Thursday, February 17, 2011

[The 500 Project] APIA Literature and the X-Files

A big thanks to Claire Light who reminded me of her list of great books to start with in your adventures with APIA Literature: Check it out.

The editors at the Kartika Review have also set a new goal for us to try and find those 500 folks by May. Now that's going to take some getting the word out, so thanks to all of you who've been responding. And tell your friends, please. There's still a few states who haven't checked in, but I'm not going to point fingers yet.

In the meantime, having a recent conversation with Barbara Jane Reyes about flying pigs and metaphors, the following scene from the classic show the X-Files in many ways also touches on an important reason why APIA literature needs an opportunity to find its audience, to grow and to flourish:

Or: The dangers of homogeneity in the literary and intellectual marketplace.

One of the big concerns, and justifiably so, has been that a limited number of channels for real distribution and presentation of work has permitted only a handful of types of stories to emerge that are predictable and creating a false impression of popularity and consumer demand. 

Good books like Ed Lin's Waylaid, which really speak from a hilarious point of view and without the usual wistful, cloying pathos of certain other APIA writers, rarely make it to readers within the historic mechanisms of 20th and 21st century publishing. 

Speaking of which, Ed Lin's recent Asian American mystery novel Snakes Can't Run has a new book trailer out. It's worth finding or special ordering a copy if you can. Ed consistently delivers with his work. Personally, I'd love to see what he'd do with post-apocalyptic science fiction or a good zombie story, but that's probably not going to happen.

One important thing to mention is that I'd hate to see a trend where APIA writers and readers have to turn into Indie Rock Petes who can't enjoy what others are putting out there. But at the same time, we need to do more to encourage a true plurality that can provide constructive feedback, support and when necessary, criticism in order to get us the stories that are truly classics for our time.

Stay tuned!


Barbara Jane Reyes said...

Bryan, let me also direct you to this Fil Am Lit biblio I started compiling some years ago. I try to update when I hear of new titles:

Really, I've also been thinking there isn't really a set "starting place" for some people. I think of how some folks can enter into APIA lit through some of the most avant garde poetics, versus more straight forward narratives. Some readers' brains, I think, are configured that way, to "decode" that "difficult" poetry and appreciate the APIA themes, issues, politics that some "experimental" poetries handle well.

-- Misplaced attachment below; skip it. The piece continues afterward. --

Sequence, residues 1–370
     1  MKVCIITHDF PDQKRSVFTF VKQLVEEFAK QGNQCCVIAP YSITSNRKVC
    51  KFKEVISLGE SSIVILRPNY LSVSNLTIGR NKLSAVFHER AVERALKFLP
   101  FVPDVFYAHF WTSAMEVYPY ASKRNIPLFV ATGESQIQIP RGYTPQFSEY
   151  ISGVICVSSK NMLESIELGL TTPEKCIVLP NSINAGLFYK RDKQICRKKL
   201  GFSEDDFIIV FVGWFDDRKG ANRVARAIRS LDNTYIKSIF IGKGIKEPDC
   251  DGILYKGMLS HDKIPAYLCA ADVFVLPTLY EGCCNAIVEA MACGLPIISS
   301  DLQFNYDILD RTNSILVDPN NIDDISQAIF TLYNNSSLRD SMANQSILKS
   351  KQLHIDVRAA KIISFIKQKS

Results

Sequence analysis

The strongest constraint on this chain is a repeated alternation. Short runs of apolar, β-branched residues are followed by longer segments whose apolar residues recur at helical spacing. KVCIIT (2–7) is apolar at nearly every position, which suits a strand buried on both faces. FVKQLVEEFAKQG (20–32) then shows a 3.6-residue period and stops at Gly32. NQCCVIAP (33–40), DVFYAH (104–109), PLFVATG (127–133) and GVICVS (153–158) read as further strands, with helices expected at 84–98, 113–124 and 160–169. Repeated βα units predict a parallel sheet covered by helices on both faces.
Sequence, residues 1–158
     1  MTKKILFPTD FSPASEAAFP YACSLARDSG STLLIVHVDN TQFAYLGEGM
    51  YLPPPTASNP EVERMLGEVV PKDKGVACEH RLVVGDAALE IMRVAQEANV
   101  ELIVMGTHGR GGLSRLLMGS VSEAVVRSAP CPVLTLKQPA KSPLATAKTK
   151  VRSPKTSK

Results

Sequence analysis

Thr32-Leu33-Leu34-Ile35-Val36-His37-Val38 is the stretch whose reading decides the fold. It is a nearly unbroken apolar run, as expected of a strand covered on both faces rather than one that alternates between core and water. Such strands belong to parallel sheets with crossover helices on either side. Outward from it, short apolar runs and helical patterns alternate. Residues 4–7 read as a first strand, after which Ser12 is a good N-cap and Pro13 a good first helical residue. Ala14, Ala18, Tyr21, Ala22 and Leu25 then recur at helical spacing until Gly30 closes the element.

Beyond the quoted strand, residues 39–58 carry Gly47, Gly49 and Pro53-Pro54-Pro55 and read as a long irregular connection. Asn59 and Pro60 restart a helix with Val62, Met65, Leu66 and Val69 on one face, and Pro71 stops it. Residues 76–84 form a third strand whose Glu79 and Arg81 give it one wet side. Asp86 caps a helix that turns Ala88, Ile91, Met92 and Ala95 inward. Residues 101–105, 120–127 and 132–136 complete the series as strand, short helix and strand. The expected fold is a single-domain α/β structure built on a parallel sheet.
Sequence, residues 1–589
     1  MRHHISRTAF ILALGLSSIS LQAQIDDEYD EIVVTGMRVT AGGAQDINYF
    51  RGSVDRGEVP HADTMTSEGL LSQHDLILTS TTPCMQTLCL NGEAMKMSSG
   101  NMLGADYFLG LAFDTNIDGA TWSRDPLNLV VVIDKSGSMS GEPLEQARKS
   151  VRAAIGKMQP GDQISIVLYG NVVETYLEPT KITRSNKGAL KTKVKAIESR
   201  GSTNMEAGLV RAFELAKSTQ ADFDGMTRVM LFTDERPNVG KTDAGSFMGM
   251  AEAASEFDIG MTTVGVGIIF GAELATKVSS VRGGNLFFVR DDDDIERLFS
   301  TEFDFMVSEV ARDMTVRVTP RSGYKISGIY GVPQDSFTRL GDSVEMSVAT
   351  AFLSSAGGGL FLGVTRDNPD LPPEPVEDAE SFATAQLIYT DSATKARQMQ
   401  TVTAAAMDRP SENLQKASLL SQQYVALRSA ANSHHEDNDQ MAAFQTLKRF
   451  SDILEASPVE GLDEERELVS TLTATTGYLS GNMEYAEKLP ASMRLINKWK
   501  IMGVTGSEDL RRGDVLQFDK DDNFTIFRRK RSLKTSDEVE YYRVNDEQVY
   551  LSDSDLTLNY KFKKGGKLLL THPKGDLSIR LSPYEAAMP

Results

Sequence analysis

Bryan Thao Worra said...

ooh. Good. But at the same time let me suggest "Their Guys, Those Glittering Asian Guys" is probably on my top 5 worst places to start. ;)

Barbara Jane Reyes said...

I am of course, talking about APIA authored lit. Whatever other folks are writing about us is NOT a good place to start, esp. when it's coming from an uninformed place.

So clarification: avant garde poetries authored by APIA writers.

Bryan Thao Worra said...

Lol, and then the fun goes back to our Pearl Buck-Tera Patrick debate we were having.

Barbara Jane Reyes said...

Um, I don't know what that means.

Bryan Thao Worra said...

Per Dr. Wikipedia: Pearl Sydenstricker Buck (June 26, 1892 – March 6, 1973) also known by her Chinese name Sai Zhenzhu (Chinese: 賽珍珠; pinyin: Sài Zhēnzhū), was an award-winning American writer who spent most of her time until 1934 in China.

Her novel The Good Earth was the best-selling fiction book in the U.S. in 1931 and 1932, and won the Pulitzer Prize in 1932.

In 1938, she became the first American woman to be awarded the Nobel Prize in Literature, "for her rich and truly epic descriptions of peasant life in China and for her biographical masterpieces."[1]

Informed by her experience in Asia, should we consider an Asian American writer or an American Asian writer or just throw it out of consideration all together.

In any case, for her, I think it would not be a conventional start into the socio-political-literary minefields of modern APIA literature, but consider that Anchee Min felt Pearl Buck portrayed Chinese peasants "with such love, affection and humanity."

And others felt that she demythologized the Chinese to American minds, and so, drawing from that, might we then extend the argument to say she opened a pathway for Asian American literature?


Bryan Thao Worra said...

Or: Can a healthy introduction to Asian American literature emerge from reading "Sinner Takes All," the autobiography of Thai-American porn star Tera Patrick?

While some might say it doesn't belong in the ranks of "Heaven and Earth", "the Winged Seed" or "Turning Japanese," her book ranks #72,654 to Turning Japanese score of #1,208,340 on Amazon's best seller list. Winged Seed is 848,845 just to keep it all in perspective.

Which doesn't necessarily mean much more than a cup of coffee, I suppose, but it's an interesting figure.

Bryan Thao Worra said...

Which was all an elaborate set-up to getting back to our discussion of the X-files. Zing!